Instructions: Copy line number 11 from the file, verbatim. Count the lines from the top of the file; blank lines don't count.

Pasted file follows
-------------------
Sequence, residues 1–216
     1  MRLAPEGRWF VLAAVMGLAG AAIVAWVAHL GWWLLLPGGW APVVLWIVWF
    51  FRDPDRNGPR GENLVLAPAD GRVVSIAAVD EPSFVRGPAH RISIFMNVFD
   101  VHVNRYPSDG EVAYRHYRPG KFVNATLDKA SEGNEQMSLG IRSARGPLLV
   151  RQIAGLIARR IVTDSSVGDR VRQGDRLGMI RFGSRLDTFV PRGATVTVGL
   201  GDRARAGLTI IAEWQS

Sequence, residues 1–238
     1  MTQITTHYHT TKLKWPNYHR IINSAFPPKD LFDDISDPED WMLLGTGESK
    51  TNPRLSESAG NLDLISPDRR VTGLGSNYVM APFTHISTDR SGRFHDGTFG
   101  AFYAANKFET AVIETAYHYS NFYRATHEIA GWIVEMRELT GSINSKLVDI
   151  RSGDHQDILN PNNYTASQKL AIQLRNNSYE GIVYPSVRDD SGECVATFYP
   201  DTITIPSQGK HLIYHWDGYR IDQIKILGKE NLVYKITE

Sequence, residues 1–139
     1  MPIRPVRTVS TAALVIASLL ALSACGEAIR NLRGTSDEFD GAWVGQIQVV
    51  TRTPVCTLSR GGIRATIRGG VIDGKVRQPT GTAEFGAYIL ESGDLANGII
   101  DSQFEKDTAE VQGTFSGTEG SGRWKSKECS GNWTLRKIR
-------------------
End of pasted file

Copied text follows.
   151  RSGDHQDILN PNNYTASQKL AIQLRNNSYE GIVYPSVRDD SGECVATFYP